John Schandelmeier says he’s learning along with his dogs after entering the Iditarod in a last-minute switch with his wife

A selfie John Schandelmeier sent his wife, Zoya DeNure, from the Iditarod trail. (Courtesy Zoya DeNure)

Some Iditarod sled dog teams were already on the trail Sunday when John Schandelmeier decided to run this year’s race to Nome. His wife, Zoya DeNure, was late to the start in Willow when he got a call from his daughter saying that DeNure was at the hospital. Over the phone, Schandelemeir says he and DeNure debated a last-second switch.

“We decided I should go if I could,” he said. “So I started scrounging gear. So I have gear that belongs to everybody. I have no idea even who I borrowed everything from.”

Race Marshal Mark Nordman quickly gave Schandelmeier the go-ahead. But he still needed to decide whether to set off on the 1,000-mile race. 

“I just kind of set myself, I said, the only thing I’m lacking is a balaclava. If I get that in time, I’ll go ahead and go,” he said. 

He got the gear and was soon racing his first Iditarod in 27 years. Schandelmeier reached Takotna Wednesday and settled in for his 24-hour break. He said he’s spoken on the phone once with DeNure, who is now home from the hospital.

Related: Well that’s a little different’: Iditarod mushers learn about moved checkpoints, closed schools as coronavirus concerns grow

Schandelmeier has worked with dogs his entire life and is a two-time champion of the Yukon Quest. He entered the Iditarod once, in 1993, and scratched. He and DeNure now live in Paxon and run a sled dog rescue and rehabilitation kennel.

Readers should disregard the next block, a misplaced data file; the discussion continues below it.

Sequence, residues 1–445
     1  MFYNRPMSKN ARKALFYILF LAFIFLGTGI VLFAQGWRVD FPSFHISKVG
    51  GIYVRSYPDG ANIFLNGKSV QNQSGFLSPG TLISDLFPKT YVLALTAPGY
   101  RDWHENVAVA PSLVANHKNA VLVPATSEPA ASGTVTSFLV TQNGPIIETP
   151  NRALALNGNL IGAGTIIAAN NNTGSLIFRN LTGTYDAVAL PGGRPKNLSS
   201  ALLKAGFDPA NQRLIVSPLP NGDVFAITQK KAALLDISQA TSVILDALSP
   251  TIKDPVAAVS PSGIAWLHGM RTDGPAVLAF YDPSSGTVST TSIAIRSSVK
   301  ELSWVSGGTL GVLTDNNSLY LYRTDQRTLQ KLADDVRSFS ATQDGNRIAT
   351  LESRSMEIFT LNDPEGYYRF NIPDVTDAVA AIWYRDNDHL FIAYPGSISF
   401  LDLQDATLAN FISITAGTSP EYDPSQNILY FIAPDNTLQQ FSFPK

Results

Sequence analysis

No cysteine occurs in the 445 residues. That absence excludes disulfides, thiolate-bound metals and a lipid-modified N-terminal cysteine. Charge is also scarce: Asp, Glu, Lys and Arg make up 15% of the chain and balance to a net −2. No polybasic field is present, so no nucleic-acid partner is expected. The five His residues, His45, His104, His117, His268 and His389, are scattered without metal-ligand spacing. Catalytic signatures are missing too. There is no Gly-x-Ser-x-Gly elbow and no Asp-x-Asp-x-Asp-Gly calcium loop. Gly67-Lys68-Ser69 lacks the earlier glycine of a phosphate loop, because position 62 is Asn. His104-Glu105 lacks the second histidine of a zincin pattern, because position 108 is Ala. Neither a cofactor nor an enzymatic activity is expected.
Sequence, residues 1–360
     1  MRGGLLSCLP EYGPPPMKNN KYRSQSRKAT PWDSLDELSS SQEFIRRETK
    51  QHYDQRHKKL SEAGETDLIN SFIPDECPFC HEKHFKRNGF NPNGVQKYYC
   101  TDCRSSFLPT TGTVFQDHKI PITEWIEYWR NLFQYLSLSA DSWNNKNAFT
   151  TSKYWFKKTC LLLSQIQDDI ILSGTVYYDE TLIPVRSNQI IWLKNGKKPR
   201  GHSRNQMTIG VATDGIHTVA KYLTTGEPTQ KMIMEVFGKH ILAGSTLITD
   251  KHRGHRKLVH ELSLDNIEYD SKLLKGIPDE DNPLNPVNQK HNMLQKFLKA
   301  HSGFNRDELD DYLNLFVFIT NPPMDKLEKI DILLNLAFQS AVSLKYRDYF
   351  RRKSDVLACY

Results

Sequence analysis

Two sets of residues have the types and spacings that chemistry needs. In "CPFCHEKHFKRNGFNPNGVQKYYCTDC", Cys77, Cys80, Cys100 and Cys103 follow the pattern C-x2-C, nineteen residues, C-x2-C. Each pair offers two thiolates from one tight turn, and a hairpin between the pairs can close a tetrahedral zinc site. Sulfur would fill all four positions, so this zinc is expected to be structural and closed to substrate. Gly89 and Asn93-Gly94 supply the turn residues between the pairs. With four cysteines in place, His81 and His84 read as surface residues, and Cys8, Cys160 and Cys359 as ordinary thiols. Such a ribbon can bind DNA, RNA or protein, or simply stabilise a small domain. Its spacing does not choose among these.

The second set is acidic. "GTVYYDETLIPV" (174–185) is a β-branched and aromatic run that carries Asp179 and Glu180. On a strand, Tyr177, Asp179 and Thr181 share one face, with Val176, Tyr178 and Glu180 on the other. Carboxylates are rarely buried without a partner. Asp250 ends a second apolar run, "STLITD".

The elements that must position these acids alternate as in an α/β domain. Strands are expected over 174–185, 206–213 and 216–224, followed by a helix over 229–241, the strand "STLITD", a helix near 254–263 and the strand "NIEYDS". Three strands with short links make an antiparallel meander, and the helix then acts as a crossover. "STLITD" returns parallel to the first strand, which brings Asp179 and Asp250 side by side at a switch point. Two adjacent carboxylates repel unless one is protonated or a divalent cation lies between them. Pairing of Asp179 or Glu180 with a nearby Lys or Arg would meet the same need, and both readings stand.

“Everyone is focused the whole winter on dogs and getting ready for racing for whatever the race you’re going to run, Iditarod, the Quest or whatever,” he said. “We had food drops out and everything, we spent a lot of money and time getting ready for the race. And it’s our life, it’s not just an extra little race we’re going to run. This is what we do.”

All but three dogs are rookies, according to Schandelmeier, and haven’t been on a camping trip before. Thanks to a six-year break since his last race, Schandelmeier says he and the dogs both are learning on the fly.

“Remembering how to get picky dogs to eat, which you don’t have to do in the yard.  And how my care should be done, for me, so I can adequately take care of dogs,” he said. “A lot of the small details- if you asked me when I was sitting at home, I could probably give you a lot of answers, which may not be right when you come out here.”

By Saturday morning, Schandelmeier and his sled dogs had made it nearly halfway down the Iditarod trail. 

Related: Follow all of our coverage of the 2020 Iditarod here.

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Ben Matheson is a contributor with the Alaska Public Radio Network.

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